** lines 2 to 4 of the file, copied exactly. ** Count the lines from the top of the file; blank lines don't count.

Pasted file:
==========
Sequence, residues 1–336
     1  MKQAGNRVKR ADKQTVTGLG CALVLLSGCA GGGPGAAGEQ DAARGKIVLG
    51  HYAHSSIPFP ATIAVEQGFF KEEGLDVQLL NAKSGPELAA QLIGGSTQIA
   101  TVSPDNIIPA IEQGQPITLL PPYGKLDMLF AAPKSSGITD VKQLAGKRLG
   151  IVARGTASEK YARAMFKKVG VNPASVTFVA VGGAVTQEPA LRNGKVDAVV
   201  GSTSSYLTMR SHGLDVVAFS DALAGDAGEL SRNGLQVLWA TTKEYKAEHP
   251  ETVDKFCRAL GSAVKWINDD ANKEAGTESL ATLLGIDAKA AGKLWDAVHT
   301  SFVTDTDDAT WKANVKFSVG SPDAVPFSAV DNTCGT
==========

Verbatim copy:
     1  MKQAGNRVKR ADKQTVTGLG CALVLLSGCA GGGPGAAGEQ DAARGKIVLG
    51  HYAHSSIPFP ATIAVEQGFF KEEGLDVQLL NAKSGPELAA QLIGGSTQIA
   101  TVSPDNIIPA IEQGQPITLL PPYGKLDMLF AAPKSSGITD VKQLAGKRLG